# Numerically stable computation of matrix power

I admit the title is not great, but I couldn’t find a better one.

I have a matrix M whose eigenvalues lie in the unit disk and the only eigenvalue on the unit cycle is 1. Moreover the algebraic multiplicity of the eigenvalue 1 is equal to its geometric multiplicity, i.e. there is no Jordan block associated with it.

Let M=PJP^{-1} be the Jordan decomposition of M. The matrix J is M's Jordan form and the limit J_\infty = \lim_{n\to\infty}J^n is well defined. Finally I define M_\infty=PJ_\infty P^{-1}.

I want to compute M_\infty numerically. The problem is that numerically computing the Jordan decomposition is not stable. Is there any numerically stable way to compute M_\infty?

If you know this property of the spectrum analytically, then you just need to find a basis Q for the nullspace of M-I, in which case M^\infty = QQ^* is simply a projection onto this subspace. The function Q = nullspace(M-I) in the LinearAlgebra standard library will do this for you using the SVD. Correction: a non-orthogonal projection is needed, as described below.

A problem still arises, of course, if your matrix has eigenvalues extremely close to 1, such that they can’t be distinguished from nullspace(M-I) to machine precision.

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I think this is the solution. I suspect that I don’t have a problem with eigenvalues that are arbitrarily close to 1.

Ah, I think that QQ^* is not M_\infty but J_\infty.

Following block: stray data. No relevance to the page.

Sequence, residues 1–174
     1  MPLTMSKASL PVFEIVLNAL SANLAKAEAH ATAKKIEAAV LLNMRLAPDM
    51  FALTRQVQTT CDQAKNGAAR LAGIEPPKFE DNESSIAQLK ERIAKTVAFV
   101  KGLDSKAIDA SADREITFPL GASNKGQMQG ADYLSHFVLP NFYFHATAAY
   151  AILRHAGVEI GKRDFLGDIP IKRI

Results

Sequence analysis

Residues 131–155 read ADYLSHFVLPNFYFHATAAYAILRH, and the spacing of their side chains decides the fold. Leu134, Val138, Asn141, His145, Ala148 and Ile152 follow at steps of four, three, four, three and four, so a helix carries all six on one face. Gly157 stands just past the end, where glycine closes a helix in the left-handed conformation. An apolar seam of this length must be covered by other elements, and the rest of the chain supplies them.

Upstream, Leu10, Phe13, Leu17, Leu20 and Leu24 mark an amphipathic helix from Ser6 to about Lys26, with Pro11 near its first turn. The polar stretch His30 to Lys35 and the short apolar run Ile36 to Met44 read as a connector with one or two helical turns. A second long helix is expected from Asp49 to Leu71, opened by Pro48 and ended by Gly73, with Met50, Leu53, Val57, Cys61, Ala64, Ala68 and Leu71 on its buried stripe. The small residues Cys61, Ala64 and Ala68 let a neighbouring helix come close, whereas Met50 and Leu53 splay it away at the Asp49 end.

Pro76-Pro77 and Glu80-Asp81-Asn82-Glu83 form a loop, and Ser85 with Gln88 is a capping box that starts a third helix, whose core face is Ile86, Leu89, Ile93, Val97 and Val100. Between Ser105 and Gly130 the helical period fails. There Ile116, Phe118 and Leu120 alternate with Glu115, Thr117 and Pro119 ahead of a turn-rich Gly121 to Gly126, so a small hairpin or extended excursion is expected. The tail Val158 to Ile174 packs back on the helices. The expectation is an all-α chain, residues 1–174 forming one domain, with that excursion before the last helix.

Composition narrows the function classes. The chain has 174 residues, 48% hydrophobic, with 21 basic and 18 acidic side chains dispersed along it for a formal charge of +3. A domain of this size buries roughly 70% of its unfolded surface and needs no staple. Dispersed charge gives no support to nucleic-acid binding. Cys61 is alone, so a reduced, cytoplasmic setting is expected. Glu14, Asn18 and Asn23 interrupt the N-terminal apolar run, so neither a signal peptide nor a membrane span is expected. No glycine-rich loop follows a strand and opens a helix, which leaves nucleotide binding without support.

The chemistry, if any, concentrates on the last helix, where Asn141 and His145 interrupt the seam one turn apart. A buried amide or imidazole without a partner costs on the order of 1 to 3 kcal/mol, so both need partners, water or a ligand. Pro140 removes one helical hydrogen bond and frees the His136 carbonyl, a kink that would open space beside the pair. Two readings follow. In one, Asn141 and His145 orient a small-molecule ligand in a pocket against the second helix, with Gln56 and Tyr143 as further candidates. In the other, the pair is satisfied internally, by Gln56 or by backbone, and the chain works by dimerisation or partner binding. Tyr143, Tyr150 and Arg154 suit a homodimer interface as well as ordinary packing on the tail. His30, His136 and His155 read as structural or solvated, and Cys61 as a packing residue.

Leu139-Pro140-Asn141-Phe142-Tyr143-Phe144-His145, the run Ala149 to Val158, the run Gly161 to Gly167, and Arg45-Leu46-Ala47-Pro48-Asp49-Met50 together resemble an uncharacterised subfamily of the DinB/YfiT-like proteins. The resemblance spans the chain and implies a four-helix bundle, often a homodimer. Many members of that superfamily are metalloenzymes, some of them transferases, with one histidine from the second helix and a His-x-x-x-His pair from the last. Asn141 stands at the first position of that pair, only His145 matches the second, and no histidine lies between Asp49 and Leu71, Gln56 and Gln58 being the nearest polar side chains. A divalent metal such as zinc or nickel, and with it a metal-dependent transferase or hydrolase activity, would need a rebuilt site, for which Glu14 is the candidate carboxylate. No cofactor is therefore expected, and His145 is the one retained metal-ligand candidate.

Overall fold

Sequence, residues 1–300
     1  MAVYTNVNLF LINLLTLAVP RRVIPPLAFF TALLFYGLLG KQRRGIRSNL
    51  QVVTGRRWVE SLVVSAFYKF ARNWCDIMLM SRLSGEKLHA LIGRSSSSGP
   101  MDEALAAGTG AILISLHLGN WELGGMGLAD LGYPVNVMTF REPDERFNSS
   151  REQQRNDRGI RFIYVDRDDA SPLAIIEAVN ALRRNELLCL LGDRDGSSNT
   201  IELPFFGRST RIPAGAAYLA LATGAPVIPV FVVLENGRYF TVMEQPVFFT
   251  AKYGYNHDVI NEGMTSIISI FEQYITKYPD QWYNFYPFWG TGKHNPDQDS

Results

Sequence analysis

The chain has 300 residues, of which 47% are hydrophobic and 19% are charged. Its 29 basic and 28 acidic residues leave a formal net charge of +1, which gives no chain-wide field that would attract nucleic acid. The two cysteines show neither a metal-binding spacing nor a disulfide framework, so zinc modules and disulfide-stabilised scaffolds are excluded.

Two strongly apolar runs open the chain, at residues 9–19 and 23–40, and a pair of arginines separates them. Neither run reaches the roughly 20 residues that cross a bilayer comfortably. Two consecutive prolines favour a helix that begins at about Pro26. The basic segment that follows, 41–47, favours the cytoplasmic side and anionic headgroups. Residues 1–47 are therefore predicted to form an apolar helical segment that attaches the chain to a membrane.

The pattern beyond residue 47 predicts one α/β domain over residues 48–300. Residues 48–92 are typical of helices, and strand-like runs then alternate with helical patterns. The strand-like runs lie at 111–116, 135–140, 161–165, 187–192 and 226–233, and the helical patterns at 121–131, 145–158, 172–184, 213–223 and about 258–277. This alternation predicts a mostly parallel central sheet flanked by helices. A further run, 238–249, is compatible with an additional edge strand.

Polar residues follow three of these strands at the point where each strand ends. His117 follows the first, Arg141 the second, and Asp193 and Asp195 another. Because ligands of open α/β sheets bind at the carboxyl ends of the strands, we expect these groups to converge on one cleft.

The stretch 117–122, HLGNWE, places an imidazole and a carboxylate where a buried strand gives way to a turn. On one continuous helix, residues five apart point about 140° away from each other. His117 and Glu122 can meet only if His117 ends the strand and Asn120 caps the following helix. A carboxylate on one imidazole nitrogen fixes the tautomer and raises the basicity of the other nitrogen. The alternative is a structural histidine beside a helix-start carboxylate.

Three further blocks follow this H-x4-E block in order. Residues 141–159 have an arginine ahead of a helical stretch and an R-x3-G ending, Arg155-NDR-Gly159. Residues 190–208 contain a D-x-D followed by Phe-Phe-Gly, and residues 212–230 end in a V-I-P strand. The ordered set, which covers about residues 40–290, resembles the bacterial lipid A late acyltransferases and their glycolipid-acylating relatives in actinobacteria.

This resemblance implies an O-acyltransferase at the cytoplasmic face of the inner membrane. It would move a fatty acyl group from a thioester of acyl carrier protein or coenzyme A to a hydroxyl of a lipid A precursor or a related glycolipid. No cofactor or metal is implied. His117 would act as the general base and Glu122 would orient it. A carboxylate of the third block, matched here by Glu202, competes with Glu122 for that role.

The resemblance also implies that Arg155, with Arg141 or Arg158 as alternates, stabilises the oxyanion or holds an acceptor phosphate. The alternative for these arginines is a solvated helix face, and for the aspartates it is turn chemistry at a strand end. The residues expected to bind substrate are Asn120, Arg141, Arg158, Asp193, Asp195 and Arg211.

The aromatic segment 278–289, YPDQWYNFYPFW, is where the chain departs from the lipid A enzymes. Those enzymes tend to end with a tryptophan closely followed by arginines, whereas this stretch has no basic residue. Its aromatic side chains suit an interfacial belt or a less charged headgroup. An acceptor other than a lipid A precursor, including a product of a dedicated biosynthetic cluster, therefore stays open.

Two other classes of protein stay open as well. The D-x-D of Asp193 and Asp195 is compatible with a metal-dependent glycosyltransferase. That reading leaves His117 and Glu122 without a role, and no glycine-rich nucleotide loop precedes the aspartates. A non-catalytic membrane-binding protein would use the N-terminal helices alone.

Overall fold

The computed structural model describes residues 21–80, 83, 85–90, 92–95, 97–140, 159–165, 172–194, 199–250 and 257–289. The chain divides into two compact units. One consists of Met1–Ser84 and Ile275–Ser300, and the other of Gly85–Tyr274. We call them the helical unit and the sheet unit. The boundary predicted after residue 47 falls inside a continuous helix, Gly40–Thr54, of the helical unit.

No. J_\infty is diagonal

I have an example where this does not work. I wrote it in Julia because I’m not sure how to write matrices in latex here.

julia> using LinearAlgebra

julia> M = [1 0 1 0; 0 1 0 1/2; 0 0 0 1/2; 0 0 0 0]
4×4 Array{Float64,2}:
1.0  0.0  1.0  0.0
0.0  1.0  0.0  0.5
0.0  0.0  0.0  0.5
0.0  0.0  0.0  0.0

julia> A = M - I
4×4 Array{Float64,2}:
0.0  0.0   1.0   0.0
0.0  0.0   0.0   0.5
0.0  0.0  -1.0   0.5
0.0  0.0   0.0  -1.0


For this specific matrix M^n=M^2 for any n>1:

julia> M*M
4×4 Array{Float64,2}:
1.0  0.0  1.0  0.5
0.0  1.0  0.0  0.5
0.0  0.0  0.0  0.0
0.0  0.0  0.0  0.0

julia> M*M*M
4×4 Array{Float64,2}:
1.0  0.0  1.0  0.5
0.0  1.0  0.0  0.5
0.0  0.0  0.0  0.0
0.0  0.0  0.0  0.0


The nullspace of A is straightforward:

julia> Q = nullspace(A)
4×2 Array{Float64,2}:
0.0  1.0
-1.0  0.0
0.0  0.0
0.0  0.0


However QQ^* is not M^2:

julia> Q*transpose(Q)
4×4 Array{Float64,2}:
1.0  0.0  0.0  0.0
0.0  1.0  0.0  0.0
0.0  0.0  0.0  0.0
0.0  0.0  0.0  0.0


Sorry, you’re quite right — the basic problem is that the nullspace of M-I is not orthogonal to the other Jordan vectors of M, so the correct projection is non-orthogonal.

I think what you need, instead, is to project using left and right nullspaces. I came up with the following a bit hastily, but it looks right to me and works for your example:

function Minf(M)
R = nullspace(M-I)
L = nullspace(M'-I)'
return R / (L*R) * L
end


You might want to check it a bit more carefully.

3 Likes

I think this is the solution. I will check it more, but in simple cases it works.

Note that my Minf implementation is suboptimal (if you care about factors of 2), since really you can get the left and right nullspaces simultaneously from the left and right singular vectors of the SVD. Just look at the source code for nullspace and pull out the relevant bits.

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Could you please explain briefly how you came up with this? Why does it work? I cannot figure it out. 1 Like